One key thing to be aware of: The Blossom cup is very firm. This could be a plus, but it caused problems with testers for insertion and removal. Its firmness meant it tended to pop open before it was fully in place, which was annoying for some and straight-up painful for others. It also meant the stem and base had less give, so it didn’t respond to gentle tugging for removal. However, testers said it felt secure once it was fully inserted (though one tester was never able to get to that point) and did not experience any leaks.
With proper care, the Blossom cup can last for up to 10 years. The brand has a 100% customer satisfaction policy and says to email for a full refund if you are not satisfied. However, it is unclear whether this policy applies to cups bought on Amazon, and the brand did not respond to my emails asking (not a great sign for securing that refund).
The Dutchess is a standard suction-based menstrual cup. It comes in two sizes, A (which, somewhat confusingly, is the larger size and intended for people with heavier periods) and B (for users with a light to medium flow). It comes in a range of colors.
Testers liked this cup, even if no one was obsessed with it when they finished trying it. It’s on the softer side of cups we tested, which makes it easy to fold but was sometimes difficult to ensure it opened all the way and stayed in place throughout the day. The softness also made it feel a little flimsy, as though it may not last for as long as the brand claims—up to 10 years.
The brand does not offer any refund or support policy that we could find.
The Intimina Ziggy is a disc-style cup. Like the Nixit—the only other disc we tested—it looks like a diaphragm, with a firm silicone rim and thin, membrane-like pocket to catch fluid. It comes in one size and one color (hot pink).
The Ziggy’s packaging is almost entirely made of plastic. It comes with a tiny pamphlet with extremely tiny font that isn’t much use (and, confusingly, also contains directions for Intimina’s other products, including instructions on which batteries to get for its electronic kegel devices). You can find better instructions on Intimina’s site, but that may involve bringing your phone or laptop with you to the bathroom. To insert the Ziggy, you squeeze the edges together, push it inside and toward the back, and tip it against the pubic bone. This took testers a few tries to get it and, for some, it never quite felt right. Testers also experienced issues with the pocket not opening all the way once it was inserted, which meant it didn’t always catch fluid effectively. “I used a diaphragm for years, so I thought this cup would be easy for me, but I could never get it to stop leaking,” wrote one tester.
On the plus side, because it has a flatter fit, the brand claims it can be worn during penetrative sex. Another tester tried this (on a lighter day, when leaking was less of a concern) and found that it worked well—so, if you’re willing to do some trial-and-error testing for (potentially) less messy period sex, the Intimina Ziggy may be worth a shot.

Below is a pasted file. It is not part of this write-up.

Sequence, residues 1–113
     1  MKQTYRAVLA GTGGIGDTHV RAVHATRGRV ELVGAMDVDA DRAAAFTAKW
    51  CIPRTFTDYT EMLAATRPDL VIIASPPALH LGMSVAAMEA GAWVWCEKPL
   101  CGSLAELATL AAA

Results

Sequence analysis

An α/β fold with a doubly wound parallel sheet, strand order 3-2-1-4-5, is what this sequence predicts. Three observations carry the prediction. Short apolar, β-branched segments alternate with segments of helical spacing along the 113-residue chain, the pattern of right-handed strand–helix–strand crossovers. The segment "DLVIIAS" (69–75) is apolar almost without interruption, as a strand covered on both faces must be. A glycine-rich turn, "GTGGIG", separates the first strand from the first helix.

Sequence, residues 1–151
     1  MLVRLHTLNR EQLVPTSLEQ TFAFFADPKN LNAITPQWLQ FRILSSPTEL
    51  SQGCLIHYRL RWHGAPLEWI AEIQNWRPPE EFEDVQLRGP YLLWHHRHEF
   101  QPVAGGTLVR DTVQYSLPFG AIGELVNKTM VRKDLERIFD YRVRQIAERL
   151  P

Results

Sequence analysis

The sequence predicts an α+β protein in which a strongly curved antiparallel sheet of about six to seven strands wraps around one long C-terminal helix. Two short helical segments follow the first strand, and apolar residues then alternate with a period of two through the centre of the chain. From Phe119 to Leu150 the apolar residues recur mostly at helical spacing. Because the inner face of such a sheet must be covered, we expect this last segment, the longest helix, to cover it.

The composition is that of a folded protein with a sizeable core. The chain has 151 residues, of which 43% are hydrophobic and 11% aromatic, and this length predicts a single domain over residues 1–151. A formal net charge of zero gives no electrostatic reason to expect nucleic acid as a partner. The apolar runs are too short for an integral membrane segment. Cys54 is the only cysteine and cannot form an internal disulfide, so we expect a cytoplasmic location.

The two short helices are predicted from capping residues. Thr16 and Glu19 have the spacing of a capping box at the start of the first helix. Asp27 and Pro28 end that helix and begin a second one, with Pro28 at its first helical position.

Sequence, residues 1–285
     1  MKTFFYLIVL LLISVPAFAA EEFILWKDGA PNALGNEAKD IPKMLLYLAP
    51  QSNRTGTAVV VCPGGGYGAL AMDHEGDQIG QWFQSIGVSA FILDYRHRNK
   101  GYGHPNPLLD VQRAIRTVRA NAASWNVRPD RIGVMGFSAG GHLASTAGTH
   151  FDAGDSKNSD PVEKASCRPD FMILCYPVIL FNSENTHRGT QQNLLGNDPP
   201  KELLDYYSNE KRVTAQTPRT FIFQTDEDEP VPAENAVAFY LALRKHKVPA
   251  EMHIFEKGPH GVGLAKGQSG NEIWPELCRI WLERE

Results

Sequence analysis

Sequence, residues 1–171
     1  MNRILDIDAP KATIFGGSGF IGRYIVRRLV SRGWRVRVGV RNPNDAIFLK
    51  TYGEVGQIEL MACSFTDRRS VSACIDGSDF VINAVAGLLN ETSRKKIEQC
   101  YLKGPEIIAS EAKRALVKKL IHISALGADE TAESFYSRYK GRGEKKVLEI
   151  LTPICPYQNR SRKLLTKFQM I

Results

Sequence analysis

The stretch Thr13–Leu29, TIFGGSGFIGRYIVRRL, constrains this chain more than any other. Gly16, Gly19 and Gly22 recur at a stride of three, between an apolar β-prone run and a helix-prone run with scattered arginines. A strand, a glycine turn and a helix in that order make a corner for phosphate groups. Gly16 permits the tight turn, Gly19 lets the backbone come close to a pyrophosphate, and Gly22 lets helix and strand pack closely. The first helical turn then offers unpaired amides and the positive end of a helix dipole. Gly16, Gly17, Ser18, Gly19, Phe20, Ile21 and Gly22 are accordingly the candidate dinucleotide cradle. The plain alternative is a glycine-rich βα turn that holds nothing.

The Intimina Ziggy can be used for up to two years. Intimina does not provide specific information about refunds but you can email “if you have any questions regarding an Intimina purchase, how we make our products, or intimate well-being in general.”
The Intimina Lily is a suction-based cup with a unique shape. It’s curvier than other cups and made of very soft silicone that the company claims helps it roll up as small as a tampon and align with most people’s anatomy once it’s inserted. It comes in two sizes: A (for those with a medium flow and/or have not given birth vaginally) and B (for those with a heavy flow and/or those who have given birth vaginally. It comes in one bubblegum-pink color.
Unfortunately, it didn’t work well for any of our testers. It comes with an instructional pamphlet, but the font is nearly illegible (and appears to be a standard pamphlet that comes with all Intimina products, not one that’s specific to the brand). You can access much better instructions on Intimina’s site, but if you didn’t know to look for it, you’d be lost. Our testers also found the shape confusing. The soft silicone helped it fold up into a compact roll, but it was difficult—and, for some testers, impossible—to get it to open all the way and oriented correctly to create an effective seal. “I think perhaps with a long learning curve, this cup could work and it’s nice how soft the silicone is, but for me it was too hard to figure out how to use,” one tester wrote.
Its smallest size is still pretty big, too, so people with light flows and/or shallower cervixes may want to try the Lily Cup One, an extra-small version aimed at beginners. The brand also recommends you wear it for up to eight hours—less than most other cups, which allow up to 12.
The Lily Cup lasts for up to 10 years. Intimina does not provide specific information about refunds but you can email “if you have any questions regarding an Intimina purchase, how we make our products, or intimate well-being in general.”
We use standardized and scientific testing methods to scrutinize every product and provide you with objectively accurate results. If you’ve found different results in your own research, email us and we’ll compare notes. If it looks substantial, we’ll gladly re-test a product to try and reproduce these results. After all, peer reviews are a critical part of any scientific process.